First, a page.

“With the growth of CXL, there have been increasing numbers of reports about post-CXL laser refractive surgery that is helping patients see better in their corrective lenses and sometimes improving uncorrected vision as well. I think this is an area that will continue to see growth in the coming years,” Baartman said.

SMILE on the rise

A dozen years since its inception, ReLEx SMILE has totaled more than 1.5 million procedures worldwide and debuted in the U.S. in 2017. Hatch thinks it is a good procedure that has enriched the options she can offer.

“There is an appeal to SMILE. When you tell your patients that it is a small-incision procedure, this is language they understand, as a small incision is generally preferred to a large incision. After SMILE, there are no restrictions, whereas with LASIK, the patient must be careful with the flap, especially in the immediate postop period. There are also advantages in cases of dry eye because a small incision has a lesser impact on the ocular surface. Regarding corneal biomechanics, we don’t have a definite answer, but there is evidence that SMILE preserves biomechanical stability better than LASIK,” she said.

In her practice, Hatch offers SMILE as first-line treatment to anyone who is a suitable candidate: approximately 50% SMILE, 30% LASIK and 20% PRK. Following approval of astigmatic correction in October, which allows treatment of 0.75 D to 3 D of astigmatism with SMILE, the number of potential candidates has increased.

The inability to treat hyperopia has been so far a limitation with SMILE, but a multicenter study evaluating a new hyperopic profile is currently underway in Europe, India and China.

Results at 1 year of follow-up are encouraging, including cases of high hyperopia and high astigmatism, and patient satisfaction is high, according to one of the principal investigators.

“I am convinced that this procedure is going to take off very successfully in the near future. At our site, to date, we have treated 82 eyes with excellent results, which have remained stable in those who have achieved 1 year of follow-up,” Pavel Stodulka, MD, PhD, said.

The hyperopic lenticule, he said, is thinner in the center and thicker in the periphery to obtain a steeper corneal profile. Dissection and extraction are straightforward, but extra care is needed with the incision because with a larger lenticule the entry is sometimes close to the limbus.

“The well-centered, very large optical zones we can observe on topography would be difficult to achieve with hyperopic LASIK,” Stodulka said.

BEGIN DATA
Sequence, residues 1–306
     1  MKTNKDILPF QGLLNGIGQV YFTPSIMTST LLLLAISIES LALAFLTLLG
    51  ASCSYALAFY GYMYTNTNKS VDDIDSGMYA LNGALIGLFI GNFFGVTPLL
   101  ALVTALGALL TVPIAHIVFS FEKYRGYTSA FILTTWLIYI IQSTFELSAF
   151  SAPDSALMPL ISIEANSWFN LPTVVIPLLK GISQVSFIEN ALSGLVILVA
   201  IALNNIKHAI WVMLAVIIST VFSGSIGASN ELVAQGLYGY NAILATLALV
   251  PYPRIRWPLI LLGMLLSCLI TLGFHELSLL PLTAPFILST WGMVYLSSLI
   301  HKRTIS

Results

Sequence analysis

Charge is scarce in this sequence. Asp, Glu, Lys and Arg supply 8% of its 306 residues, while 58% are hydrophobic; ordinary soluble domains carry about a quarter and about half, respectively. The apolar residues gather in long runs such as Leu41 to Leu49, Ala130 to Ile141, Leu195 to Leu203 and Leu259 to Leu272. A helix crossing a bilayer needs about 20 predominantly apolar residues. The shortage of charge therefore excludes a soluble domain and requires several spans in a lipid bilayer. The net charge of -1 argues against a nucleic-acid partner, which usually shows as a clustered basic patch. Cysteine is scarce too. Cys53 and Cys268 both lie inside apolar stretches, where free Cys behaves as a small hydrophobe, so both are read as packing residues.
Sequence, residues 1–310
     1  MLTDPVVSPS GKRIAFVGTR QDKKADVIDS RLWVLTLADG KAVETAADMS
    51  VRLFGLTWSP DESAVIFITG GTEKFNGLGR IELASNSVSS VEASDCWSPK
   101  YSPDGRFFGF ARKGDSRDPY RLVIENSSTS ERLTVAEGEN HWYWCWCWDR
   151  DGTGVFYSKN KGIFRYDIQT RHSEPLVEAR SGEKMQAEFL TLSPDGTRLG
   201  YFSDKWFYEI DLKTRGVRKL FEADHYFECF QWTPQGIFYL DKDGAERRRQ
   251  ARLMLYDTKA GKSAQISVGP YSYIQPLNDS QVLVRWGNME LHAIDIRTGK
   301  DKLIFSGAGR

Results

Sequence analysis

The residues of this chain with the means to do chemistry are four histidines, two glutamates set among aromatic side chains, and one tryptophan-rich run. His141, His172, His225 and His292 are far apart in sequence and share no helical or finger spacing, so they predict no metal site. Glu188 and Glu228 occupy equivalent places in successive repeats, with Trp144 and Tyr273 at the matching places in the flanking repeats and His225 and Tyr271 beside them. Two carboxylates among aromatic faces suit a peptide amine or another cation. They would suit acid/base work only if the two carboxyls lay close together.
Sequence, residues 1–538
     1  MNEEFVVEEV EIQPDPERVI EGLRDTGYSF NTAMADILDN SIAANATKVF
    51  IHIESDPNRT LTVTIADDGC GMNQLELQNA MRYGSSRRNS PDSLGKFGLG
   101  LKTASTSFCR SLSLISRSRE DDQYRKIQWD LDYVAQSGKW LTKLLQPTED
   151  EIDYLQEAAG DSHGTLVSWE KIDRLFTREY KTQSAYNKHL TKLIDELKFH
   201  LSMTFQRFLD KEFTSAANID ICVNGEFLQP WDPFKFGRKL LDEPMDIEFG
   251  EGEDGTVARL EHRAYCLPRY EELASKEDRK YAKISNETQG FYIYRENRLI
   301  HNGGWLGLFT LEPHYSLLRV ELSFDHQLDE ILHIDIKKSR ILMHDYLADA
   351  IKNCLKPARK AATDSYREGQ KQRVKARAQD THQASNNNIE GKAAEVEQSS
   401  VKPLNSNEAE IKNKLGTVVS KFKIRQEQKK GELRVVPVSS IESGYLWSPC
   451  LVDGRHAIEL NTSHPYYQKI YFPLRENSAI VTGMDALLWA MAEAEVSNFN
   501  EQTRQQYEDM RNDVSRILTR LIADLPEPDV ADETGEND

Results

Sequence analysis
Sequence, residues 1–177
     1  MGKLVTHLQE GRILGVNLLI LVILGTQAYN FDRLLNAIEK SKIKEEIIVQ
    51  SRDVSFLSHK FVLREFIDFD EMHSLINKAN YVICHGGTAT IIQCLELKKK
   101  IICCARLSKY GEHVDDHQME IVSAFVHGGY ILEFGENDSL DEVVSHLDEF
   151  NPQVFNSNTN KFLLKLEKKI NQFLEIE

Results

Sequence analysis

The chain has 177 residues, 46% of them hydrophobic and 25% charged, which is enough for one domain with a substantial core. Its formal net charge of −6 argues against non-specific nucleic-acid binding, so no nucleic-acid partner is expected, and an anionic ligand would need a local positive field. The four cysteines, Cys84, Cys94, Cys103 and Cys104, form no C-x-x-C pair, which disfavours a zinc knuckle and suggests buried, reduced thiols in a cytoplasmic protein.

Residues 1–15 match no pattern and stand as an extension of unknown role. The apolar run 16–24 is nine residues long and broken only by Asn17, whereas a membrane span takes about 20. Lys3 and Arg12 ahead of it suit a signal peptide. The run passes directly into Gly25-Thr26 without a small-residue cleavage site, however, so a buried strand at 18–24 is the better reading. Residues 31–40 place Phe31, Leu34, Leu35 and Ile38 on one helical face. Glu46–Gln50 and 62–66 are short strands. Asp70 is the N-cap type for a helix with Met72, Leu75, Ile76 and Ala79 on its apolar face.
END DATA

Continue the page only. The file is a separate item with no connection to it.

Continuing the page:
None of the cases he treated has needed enhancement for residual refractive error, but this is a challenge to figure out how to handle in the future, he said.

Pavel Stodulka, MD, PhD
Pavel Stodulka

Generally speaking, SMILE cannot be enhanced with SMILE, and this is a drawback of the technique, according to Hatch.

“We can do PRK on top of the SMILE cap or do thin-flap LASIK. In both cases, it is not ideal given we initially chose SMILE as alternatives to LASIK and PRK. Ultimately, as long as the patient is a good candidate, I ensure them that we have excellent options for laser vision correction. I emphasize that LASIK is also an excellent, proven procedure for the right candidate which has been around for decades. In the rare event we have to convert to LASIK, I make sure patients are good candidates for it in addition to SMILE, and they understand that they are getting the best possible procedure for them. All my SMILE patients consent to both procedures,” she said.

There are future applications of SMILE that she likes to imagine, including additive procedures in which tissue is put inside the eye.

“Some day the lenticule might be reused rather than discarded to treat conditions such as presbyopia and hyperopia. We could potentially use the pocket to perform cross-linking. Also, very low SMILE treatment could be performed in patients after cataract surgery for residual refractive error,” Hatch said.

PRK: No pain, no haze

David T.C. Lin, MD
David T.C. Lin

Transepithelial PRK is an advancement to a technique that is one of the safest in terms of long-term complications.

“In Canada about 5 years ago, PRK was about 10% of cases. Now it is at least 25%, and in some clinics it is much more. In my clinic, it is now 99%. The trend is slowly more toward PRK because we are now seeing the long-term complications of LASIK. Ectasia does not happen right away, but 4 to 7 years later, with low as much as with high corrections, and very thick corneas are not spared, whereas a –2 D with PRK never develops ectasia. Personally, I have never seen a single case of ectasia with PRK,” David T.C. Lin, MD, said.

Long-term flap complications are also an issue and include femtosecond LASIK flaps, albeit less frequently.

“We have patients who 15 years after LASIK bump into a kitchen cabinet and their flap comes off — this in addition to the short-term flap complications that we all know. With femto, the flap-stroma interface can still come apart. You still get epithelial ingrowth and have to retreat,” Lin said.


Lin has been involved in the development of transepithelial PRK since its beginnings in 2004. The current single-step procedure performed by the Amaris laser platform with SmartPulse and SmartSurfACE technology (Schwind) is a no-touch, continuous technique that combines PTK epithelial removal and PRK stromal ablation.

“The surface is so regular it heals within 2 to 4 days and gives you immediate postoperative vision. We check the patients immediately after surgery, and binocularly they are already 20/40 or better uncorrected, which is just above the threshold for driving without spectacles in North America, a nice baseline vision that makes them functional and allows them to feel comfortable around the house, to look at their phones, send emails, just putting some tear drops in. From then on, it’s routine,” Lin said.